Cloth as Community: Hmong Textiles in America

The story of Hmong textile production in the diaspora reflects the radical upheaval in the external environment that Hmong refugees experienced. In traditional Hmong life in Asia, women produced complex clothing that established clan identity through abstract geometric designs in the textiles, created by embroidery, appliqué, reverse appliqué, and indigo batik (by the Green Hmong). The designs reflected a deep animist philosophy and were inspired by nature. They continue to influence the aesthetic choices of contemporary makers, even as those choices were mediated by refugee experience and economic concerns. Historically, textiles in village life were not sold but they held important spiritual protections, such as the colorful baby carriers and hats designed to disguise the children from evil forest spirits who might try to steal their soul. In refugee camps and later the diaspora, the sale of textiles generated important income for families, as it created conditions for innovation, such as the embroidered story cloth.

Although the sudden emergence of a pictorial or quasi-representational embroidered art from a geometric, very stylized ornamental art is highly unusual, it is another fascinating aspect of the textiles as cultural text. Escape narratives were the predominant theme of story cloths made in the camps, revealing a new Hmong concern with geo-political borders since crossing the swift Mekong River to safety in Thailand was the route for most Hmong who left Laos. Many Hmong drowned or were shot when attempting the crossing, and it became a central element in most early story cloths as did the incorporation of first Hmong and then English text. Yet, as the memory of the war receded and U.S. buyers required more sanguine subjects, many of the story cloth subjects morphed into representations of a new life in America—a Nativity scene—or nostalgia for the pastoral life left behind—animals in a jungle, scenes of village life, or illustrated Hmong folk tales with English text.

The works in this exhibition demonstrate a period in time when old paj ntaub influenced new designs, often produced at a larger scale or with more space devoted to the triangular borders, and embroidered story cloths changed to fit a new market that was different from tourists or relief workers in the camps. The works show how the profound relevance of textiles as infrastructure in the Hmong social fabric has never been part of a fixed cultural tableau, even as the narrative is adapted to fit new realities.

This exhibition was first curated in 1999 by Carl Magnuson, a cultural anthropologist, working with a Hmong refugee community. Curatorial updates have been done by Geraldine Craig, who has published more than a hundred essays on Hmong textiles and contemporary art, in venues such as the Hmong Studies Journal, The Journal of Modern Craft, Art in America, and Surface Design Journal. Craig is currently Department Head of Art at Kansas State University, and previously served for six years as Assistant Director for Academic Programs at Cranbrook Academy of Art.

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Cloth as Community is touring June 2014 through May 2019. The dates below reflect seven-week exhibition periods. Dates are subject to change; please contact or (800) 473-3872 x208/209 for current availability.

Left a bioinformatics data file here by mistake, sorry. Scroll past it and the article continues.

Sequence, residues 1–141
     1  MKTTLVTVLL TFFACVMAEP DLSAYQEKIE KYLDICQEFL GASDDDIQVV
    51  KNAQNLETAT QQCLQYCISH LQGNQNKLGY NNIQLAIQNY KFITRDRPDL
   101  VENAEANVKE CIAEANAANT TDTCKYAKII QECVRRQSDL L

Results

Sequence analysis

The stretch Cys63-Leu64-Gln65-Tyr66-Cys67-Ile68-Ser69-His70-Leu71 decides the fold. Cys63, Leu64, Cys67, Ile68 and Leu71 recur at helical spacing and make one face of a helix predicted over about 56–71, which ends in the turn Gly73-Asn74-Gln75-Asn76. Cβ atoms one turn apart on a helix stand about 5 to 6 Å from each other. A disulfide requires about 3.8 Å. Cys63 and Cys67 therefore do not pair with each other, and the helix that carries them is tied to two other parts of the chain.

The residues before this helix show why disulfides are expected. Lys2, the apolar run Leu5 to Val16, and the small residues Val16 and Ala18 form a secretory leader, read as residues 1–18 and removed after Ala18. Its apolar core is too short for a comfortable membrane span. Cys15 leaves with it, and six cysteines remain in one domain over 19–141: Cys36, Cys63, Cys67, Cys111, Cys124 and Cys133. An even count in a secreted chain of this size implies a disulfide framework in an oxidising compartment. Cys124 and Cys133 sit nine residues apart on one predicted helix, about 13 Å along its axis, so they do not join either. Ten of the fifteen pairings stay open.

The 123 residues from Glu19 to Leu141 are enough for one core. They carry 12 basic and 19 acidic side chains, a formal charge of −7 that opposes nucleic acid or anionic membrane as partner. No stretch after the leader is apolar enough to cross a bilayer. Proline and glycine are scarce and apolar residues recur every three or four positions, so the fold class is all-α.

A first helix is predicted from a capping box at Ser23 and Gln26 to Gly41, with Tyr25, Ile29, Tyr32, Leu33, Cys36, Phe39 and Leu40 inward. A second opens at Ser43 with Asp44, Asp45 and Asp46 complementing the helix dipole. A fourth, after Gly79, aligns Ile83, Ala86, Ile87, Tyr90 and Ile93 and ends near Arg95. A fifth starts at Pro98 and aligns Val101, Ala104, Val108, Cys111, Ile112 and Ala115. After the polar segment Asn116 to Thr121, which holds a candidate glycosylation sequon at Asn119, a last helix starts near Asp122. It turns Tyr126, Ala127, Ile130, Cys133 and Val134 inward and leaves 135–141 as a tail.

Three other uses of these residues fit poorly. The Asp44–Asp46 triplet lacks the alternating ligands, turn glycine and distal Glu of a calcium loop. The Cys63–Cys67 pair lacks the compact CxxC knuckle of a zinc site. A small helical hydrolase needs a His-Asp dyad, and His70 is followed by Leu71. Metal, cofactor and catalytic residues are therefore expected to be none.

• June 16–August 11, 2014 J. Wayne Stark University Center Galleries, Texas A&M University
    College Station, TX
  • September 1, 2014–January 7, 2015 University Museum, New Mexico State University
    Las Cruces, NM
  • January 20–March 7 Southern Illinois University Museum
    Carbondale, IL
  • June 16–August 11, 2015 Falls City Library and Arts Center
    Falls City, NE
  • November 10, 2015–March 16, 2016 Bradbury Art Museum, Arkansas State University
    Jonesboro, AR
  • April 6–May 25, 2016 Roland Park Country School
    Baltimore, MD
  • June 16–August 11, 2016 Wildwood Park for the Arts
    Little Rock, AR
  • September 1–October 20, 2016 Studio 96/Community Center
    Sterling, KS
  • November 10, 2016–January 7, 2017 Refurbishment
    Kansas City, MO
  • January 28–March 16, 2017 Sioux City Public Museum
    Sioux City, IA
  • April 6–May 25, 2017 History Center of Olmsted County
    Rochester, MN
  • June 16–August 11, 2017
  • September 1, 2017–January 7, 2018 Ruth Funk Center for Textile Arts
    Melbourne, FL
  • January 28–March 16, 2018
  • April 6–May 25, 2018
  • June 16–August 11, 2018
  • September 1–October 20, 2018
  • November 10–January 7, 2019
  • January 28–March 16, 2018
  • April 6–May 25, 2019 Fort Smith Museum of History
    Fort Smith, AR

Exhibition Details

28 textile objects

  • Content

    Fee Includes
    Press Kit
    Registrar’s Packet
    Programming Guide
    Gallery Guide
    Text Panels
    Narrative Labels
    Full Insurance
    Installation Instructions
    Custom-Designed and Built Crates

  • Curated By

    Geraldine Craig, Associate Professor/Department Head, Department of Art, Kansas State University Manhattan, KS and Carl Magnuson, Cultural Anthropologist

  • Organized By

    ExhibitsUSA, Mid-America Arts Alliance, Kansas City, MO

  • Out-of-Region Rental Fee


  • In-Region Rental Fee

    $750 before 7/1/17 and $1050 after 7/1/17

  • Duration

    7-week display

  • Shipping

    Common Carrier

  • Running Feet


  • Square Feet


  • Security


  • Number of Crates/Total Weight

    1 crate/203 pounds

  • Insurance

    The exhibition is fully insured by ExhibitsUSA at no additional expense to you, both while installed and during transit.